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Thursday, June 7, 2012 - 12:05pm

Open Meetings Violation Filed

Updated: 2 years ago.
The state is suing Cumming’s mayor for preventing a resident from filming a city council meeting. It’s the first suit the state has filed under Georgia’s revised Sunshine Law, and it signals a new eagerness to prosecute elected officials. Georgia Attorney General Sam Olens (in photo) pushed for the overhaul, and filed the suit.

The state is accusing Cumming’s mayor of violating the Open Meetings and Records Act by preventing a resident from filming a city council meeting.

In a civil complaint filed this week, Georgia attorney general Sam Olens says Mayor H. Ford Gravitt told resident Nydia Tisdale she couldn’t record an April council meeting. He then asked a policeman to forcibly remove her.

Tisdale recorded the exchange and posted the video to YouTube. In the video, she cites the state’s Sunshine law.

“We don’t allow filming in the city hall here," Gravitt is heard saying on the video. "That’s just for civic reasons. So if you would, remove the camera.”

“You’ll have to move it outside,” a policeman tells Tisdale.

“Respectfully, Mayor, Georgia’s Sunshine law…under Georgia law---" Tisdale says.

“If we’re going to have a discussion, can I have the camera removed?” Gravitt responds.

Tisdale tries to explain why she's taping the meeting.

"I’m exercising my right as a citizen to record this meeting,” she says, while the policeman ushers her out of the meeting.

The state legislature overhauled the Open Records and Meetings Act this year. Under the new law, citizens bringing complaints no longer have to prove elected officials intended to violate the law.

Holly Mannheimer heads Georgia's First Amendment Foundation. She says that's a significant change from the previous law.

“Before the only way for a citizen to prevail in an open meetings or records claim was to show that the public agency willfully, knowingly and with intent violated the Sunshine laws," she said. "Now the standard is less than that. And that’s a big deal for Georgians.”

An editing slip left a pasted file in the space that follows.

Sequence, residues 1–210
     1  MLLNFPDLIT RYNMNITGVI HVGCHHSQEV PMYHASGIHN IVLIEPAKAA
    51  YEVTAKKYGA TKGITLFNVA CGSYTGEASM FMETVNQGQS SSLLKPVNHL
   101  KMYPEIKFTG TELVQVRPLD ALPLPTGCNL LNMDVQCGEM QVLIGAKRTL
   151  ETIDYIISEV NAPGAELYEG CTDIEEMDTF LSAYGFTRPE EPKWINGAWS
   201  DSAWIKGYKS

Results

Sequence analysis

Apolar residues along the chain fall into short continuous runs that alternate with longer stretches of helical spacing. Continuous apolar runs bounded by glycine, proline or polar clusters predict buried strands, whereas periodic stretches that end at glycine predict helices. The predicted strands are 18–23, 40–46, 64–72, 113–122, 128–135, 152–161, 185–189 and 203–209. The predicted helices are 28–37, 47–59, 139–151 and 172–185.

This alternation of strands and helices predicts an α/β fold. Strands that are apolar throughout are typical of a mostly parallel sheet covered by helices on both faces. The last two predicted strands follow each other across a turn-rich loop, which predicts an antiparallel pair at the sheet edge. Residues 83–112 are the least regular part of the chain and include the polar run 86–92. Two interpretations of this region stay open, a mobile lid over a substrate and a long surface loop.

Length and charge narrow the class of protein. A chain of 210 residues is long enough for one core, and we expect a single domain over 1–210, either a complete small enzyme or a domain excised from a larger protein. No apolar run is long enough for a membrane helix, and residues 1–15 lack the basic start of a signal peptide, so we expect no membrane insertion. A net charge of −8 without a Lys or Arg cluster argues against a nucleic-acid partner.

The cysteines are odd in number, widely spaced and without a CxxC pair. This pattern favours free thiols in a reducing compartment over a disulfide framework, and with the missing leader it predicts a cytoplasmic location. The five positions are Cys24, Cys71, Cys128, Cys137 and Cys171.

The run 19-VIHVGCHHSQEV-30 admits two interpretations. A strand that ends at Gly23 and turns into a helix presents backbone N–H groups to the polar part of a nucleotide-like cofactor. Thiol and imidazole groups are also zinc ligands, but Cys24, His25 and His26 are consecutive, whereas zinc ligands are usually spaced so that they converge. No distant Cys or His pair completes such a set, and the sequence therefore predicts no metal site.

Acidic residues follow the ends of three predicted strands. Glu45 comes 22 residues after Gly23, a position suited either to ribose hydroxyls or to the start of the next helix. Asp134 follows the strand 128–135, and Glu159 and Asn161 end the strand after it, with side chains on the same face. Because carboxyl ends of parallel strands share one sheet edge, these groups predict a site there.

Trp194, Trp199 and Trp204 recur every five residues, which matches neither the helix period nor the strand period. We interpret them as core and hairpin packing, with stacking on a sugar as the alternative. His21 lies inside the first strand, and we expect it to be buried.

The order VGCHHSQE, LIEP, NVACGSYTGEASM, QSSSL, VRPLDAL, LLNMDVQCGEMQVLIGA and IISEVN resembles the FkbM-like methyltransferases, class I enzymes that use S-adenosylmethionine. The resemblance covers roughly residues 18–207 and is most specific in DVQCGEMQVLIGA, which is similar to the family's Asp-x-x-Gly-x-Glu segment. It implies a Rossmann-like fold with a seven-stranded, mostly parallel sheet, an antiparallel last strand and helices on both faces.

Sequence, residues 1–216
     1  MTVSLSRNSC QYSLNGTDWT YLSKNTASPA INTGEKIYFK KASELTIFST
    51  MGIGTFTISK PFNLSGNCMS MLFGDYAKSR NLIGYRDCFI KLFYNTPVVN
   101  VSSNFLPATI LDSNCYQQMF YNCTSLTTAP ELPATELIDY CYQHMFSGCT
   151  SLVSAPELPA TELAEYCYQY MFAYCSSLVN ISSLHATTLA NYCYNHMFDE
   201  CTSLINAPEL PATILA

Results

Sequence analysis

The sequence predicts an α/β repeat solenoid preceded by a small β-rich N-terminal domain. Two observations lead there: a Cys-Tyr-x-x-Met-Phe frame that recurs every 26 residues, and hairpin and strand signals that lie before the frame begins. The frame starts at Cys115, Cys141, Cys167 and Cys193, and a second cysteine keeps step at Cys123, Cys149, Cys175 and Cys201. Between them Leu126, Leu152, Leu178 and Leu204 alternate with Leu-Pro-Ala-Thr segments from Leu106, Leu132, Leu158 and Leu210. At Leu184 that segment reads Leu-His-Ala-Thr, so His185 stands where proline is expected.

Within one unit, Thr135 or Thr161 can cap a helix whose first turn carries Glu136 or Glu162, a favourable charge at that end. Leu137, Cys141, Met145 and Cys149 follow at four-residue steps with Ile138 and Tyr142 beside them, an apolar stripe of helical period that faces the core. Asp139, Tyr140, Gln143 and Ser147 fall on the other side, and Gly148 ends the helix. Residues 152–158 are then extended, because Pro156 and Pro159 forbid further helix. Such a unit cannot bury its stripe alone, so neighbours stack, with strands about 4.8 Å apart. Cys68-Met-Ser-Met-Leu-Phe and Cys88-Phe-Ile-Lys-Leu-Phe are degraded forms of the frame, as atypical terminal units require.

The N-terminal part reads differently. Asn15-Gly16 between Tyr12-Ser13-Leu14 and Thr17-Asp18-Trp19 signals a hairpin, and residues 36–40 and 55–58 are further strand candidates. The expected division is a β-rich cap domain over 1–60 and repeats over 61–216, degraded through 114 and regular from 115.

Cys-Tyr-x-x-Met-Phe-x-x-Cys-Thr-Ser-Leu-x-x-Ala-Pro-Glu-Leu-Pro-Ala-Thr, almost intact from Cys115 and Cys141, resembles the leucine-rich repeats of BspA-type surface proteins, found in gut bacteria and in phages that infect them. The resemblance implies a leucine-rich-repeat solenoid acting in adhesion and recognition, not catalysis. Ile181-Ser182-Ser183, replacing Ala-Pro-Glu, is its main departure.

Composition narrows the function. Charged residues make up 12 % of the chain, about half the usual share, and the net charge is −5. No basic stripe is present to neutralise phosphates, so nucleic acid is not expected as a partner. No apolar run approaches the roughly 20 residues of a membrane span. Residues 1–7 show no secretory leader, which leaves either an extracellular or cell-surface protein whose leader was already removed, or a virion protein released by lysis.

The state's suit against Gravitt is the first it's filed under the revised Sunshine Law, and it signals a new eagerness to prosecute elected officials.

Gravitt's alleged attempt to prevent Tisdale from recording the meeting and her subsequent removal were already violations under the old open meetings and records act. Under the new law, the state can go after elected officials with civil charges, which require a lower standard of proof.

Olens, the attorney general, pushed for the overhaul and helped draft the bill. He says the new law puts an emphasis on open meetings violations.

“These things are fairly common and they need to stop," he said in a telephone interview. "When we started talking about a rewrite, we went from about 250 complaints each year in my office to over 400. It’s my hope the elected officials take the time to learn more about the law and that they follow it.”

The attorney general's office has held workshops for elected officials who want to learn about the new law. But he rejects the idea that Gravitt didn't know what he was doing.

"The gentleman's been in office for decades," Olens said in an interview. "When mayors and county commissioners are first elected, they have mandatory training and the training specifically covers the state's Sunshine laws. I know that because I've been through that training. In the course of his being a mayor for that long, I'm absolutely not willing to concede he didn't know the law. I think governments often try to intimidate their residents."

Olens was Chairman of the Cobb County Board of Commissioners from 2002 to 2010.

Gravitt couldn’t be reached for comment. He faces up to $6,000 in civil penalties.